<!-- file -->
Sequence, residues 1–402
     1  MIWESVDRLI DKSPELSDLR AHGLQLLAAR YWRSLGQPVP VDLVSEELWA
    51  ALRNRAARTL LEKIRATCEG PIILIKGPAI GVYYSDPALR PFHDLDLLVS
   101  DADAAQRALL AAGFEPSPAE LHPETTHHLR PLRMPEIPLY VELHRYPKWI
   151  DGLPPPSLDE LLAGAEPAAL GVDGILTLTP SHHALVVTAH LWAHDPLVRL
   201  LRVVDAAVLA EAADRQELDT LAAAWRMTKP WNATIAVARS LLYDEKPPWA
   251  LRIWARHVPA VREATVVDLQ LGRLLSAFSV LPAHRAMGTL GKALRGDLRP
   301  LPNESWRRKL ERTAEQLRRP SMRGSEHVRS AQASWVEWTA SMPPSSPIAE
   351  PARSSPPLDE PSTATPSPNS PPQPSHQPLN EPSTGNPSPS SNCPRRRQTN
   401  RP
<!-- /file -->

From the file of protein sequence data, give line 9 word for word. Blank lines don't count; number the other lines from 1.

   351  PARSSPPLDE PSTATPSPNS PPQPSHQPLN EPSTGNPSPS SNCPRRRQTN